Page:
How Democracies Die


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The year is young, but Steven Levitsky and Daniel Ziblatt’s How Democracies Die is going to be one of its most important books. It will be read as a commentary on Donald Trump, which is fair enough, because the book is, in part, a commentary on Donald Trump. But it deserves more than that. It is more than that.

How Democracies Die is three books woven together. One summarizes acres of research on how democracies tumble into autocracy. The second is an analysis of the troubling conditions under which American democracy thrived and the reasons it has entered into decline. The third book is a fretful tour of Trump’s first year in office, and the ways in which his instincts and actions mirror those of would-be autocrats before him.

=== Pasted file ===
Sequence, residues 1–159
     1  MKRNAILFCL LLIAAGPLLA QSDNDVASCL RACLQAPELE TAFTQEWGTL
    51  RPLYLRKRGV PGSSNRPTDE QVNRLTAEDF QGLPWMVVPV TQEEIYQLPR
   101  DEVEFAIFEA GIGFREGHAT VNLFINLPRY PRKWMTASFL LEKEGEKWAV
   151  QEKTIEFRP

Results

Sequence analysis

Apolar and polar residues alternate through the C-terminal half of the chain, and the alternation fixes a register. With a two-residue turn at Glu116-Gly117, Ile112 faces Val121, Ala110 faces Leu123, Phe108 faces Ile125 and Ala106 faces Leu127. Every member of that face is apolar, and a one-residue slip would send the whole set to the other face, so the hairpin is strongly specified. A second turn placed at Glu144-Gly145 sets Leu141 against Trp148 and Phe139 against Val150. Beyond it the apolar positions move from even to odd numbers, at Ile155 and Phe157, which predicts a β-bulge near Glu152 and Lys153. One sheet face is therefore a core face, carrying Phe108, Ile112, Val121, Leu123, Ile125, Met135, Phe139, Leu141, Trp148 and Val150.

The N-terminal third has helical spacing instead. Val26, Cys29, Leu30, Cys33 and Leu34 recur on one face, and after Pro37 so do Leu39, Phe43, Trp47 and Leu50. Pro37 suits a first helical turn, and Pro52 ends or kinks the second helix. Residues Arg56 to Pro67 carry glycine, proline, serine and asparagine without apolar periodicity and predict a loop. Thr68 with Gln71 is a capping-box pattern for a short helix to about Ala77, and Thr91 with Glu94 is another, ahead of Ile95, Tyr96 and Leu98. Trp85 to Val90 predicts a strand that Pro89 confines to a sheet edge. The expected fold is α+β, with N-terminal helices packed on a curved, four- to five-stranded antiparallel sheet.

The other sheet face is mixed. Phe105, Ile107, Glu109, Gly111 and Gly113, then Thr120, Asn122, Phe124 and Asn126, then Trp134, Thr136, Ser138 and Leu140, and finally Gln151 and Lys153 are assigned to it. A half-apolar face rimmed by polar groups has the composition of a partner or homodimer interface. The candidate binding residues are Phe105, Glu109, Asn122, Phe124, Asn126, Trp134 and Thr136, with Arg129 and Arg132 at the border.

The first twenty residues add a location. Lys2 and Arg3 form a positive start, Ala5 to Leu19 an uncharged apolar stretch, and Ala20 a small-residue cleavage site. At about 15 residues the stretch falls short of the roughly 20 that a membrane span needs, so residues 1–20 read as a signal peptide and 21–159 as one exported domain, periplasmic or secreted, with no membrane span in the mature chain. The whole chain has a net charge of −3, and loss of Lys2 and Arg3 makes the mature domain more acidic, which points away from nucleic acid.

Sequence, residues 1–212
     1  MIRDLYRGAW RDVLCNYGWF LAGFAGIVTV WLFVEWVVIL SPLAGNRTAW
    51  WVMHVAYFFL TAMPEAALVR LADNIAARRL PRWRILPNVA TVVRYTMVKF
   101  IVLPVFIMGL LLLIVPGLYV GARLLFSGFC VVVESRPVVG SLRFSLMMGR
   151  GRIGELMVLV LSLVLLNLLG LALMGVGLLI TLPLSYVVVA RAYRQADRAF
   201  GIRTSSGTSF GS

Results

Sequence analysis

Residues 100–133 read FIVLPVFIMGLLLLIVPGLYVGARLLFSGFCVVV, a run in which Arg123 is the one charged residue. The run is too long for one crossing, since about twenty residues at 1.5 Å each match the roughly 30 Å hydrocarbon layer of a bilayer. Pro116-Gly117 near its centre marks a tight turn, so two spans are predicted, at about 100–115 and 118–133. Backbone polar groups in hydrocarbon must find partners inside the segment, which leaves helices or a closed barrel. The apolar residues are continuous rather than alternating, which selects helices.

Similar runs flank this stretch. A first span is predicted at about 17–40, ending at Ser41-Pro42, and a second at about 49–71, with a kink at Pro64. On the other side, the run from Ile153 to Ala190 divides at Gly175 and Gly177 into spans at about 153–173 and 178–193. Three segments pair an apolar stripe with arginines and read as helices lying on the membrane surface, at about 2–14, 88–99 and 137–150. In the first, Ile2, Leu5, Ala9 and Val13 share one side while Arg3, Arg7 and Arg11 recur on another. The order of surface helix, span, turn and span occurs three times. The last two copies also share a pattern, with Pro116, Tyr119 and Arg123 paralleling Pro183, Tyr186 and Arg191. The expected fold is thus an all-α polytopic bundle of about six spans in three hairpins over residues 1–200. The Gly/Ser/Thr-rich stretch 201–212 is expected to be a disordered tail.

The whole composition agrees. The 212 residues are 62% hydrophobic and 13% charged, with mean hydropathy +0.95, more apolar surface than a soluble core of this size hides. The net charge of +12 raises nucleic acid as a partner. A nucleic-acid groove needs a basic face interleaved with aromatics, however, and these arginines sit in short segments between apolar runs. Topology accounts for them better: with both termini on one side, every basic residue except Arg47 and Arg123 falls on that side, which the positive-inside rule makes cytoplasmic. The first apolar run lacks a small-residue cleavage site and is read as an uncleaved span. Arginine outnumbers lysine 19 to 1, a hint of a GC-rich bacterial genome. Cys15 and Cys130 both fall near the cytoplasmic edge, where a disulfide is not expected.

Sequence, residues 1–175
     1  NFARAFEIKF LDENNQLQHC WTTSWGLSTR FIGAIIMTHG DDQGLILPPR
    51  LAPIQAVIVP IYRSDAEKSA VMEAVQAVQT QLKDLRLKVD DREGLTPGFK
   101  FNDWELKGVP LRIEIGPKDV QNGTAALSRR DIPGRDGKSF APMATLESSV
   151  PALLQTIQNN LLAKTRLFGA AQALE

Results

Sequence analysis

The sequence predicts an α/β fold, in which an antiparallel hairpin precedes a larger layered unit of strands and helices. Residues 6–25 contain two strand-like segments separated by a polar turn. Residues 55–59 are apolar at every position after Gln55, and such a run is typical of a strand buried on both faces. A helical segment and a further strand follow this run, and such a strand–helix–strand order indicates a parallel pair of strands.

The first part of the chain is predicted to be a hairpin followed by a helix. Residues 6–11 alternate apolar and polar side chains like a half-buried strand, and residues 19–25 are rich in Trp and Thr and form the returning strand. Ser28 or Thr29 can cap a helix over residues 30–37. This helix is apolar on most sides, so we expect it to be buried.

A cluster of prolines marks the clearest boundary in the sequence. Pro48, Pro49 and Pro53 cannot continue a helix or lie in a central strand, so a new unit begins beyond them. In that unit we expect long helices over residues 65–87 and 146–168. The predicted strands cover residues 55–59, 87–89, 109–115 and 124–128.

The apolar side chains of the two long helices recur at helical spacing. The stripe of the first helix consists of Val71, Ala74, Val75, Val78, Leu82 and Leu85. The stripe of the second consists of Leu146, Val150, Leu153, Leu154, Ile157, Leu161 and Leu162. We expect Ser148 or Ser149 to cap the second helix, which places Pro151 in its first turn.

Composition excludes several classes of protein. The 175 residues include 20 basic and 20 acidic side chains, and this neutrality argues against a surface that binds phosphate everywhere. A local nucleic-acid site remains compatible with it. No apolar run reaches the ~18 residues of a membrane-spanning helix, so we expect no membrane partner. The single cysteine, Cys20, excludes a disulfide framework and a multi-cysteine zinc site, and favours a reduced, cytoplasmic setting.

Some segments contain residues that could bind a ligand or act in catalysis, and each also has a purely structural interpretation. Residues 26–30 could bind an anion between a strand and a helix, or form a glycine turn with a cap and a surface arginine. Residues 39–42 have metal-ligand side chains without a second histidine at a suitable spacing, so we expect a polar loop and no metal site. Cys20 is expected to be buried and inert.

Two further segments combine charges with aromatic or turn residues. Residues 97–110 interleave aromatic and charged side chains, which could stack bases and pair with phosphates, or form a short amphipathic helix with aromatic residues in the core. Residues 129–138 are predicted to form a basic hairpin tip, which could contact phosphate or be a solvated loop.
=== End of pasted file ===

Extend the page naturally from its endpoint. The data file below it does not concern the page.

Of these, the book about Donald Trump is the least interesting, and so in this interview, I didn’t focus on it. Instead, this is a discussion about how modern democracies fall, and the ways in which American democracy has been creeping towards crisis for decades now.

Viewed this way, Trump is much more a symptom of our democratic decline than its cause. So let's talk about the cause.

Books and Articles Mentioned

The Oppermanns by Lion Feuchtwanger

The Shaping of Southern Politics: Suffrage Restriction and the Establishment of the One-Party South, 1880-1910 by J. Morgan. Kousser

The Path to Power (The Years of Lyndon Johnson, Volume 1) by Robert Caro

Political Order in Changing Societies by Samuel P. Huntington (edited)

Donald Matthews' book about the Senate in the 1950s

Julia Azari's piece, Weak parties and strong partisanship are a bad combination:

Rosenthal political polarization

The webcomic Ezra mentioned, "Different"

James Carse's book, Finite and Infinite Games

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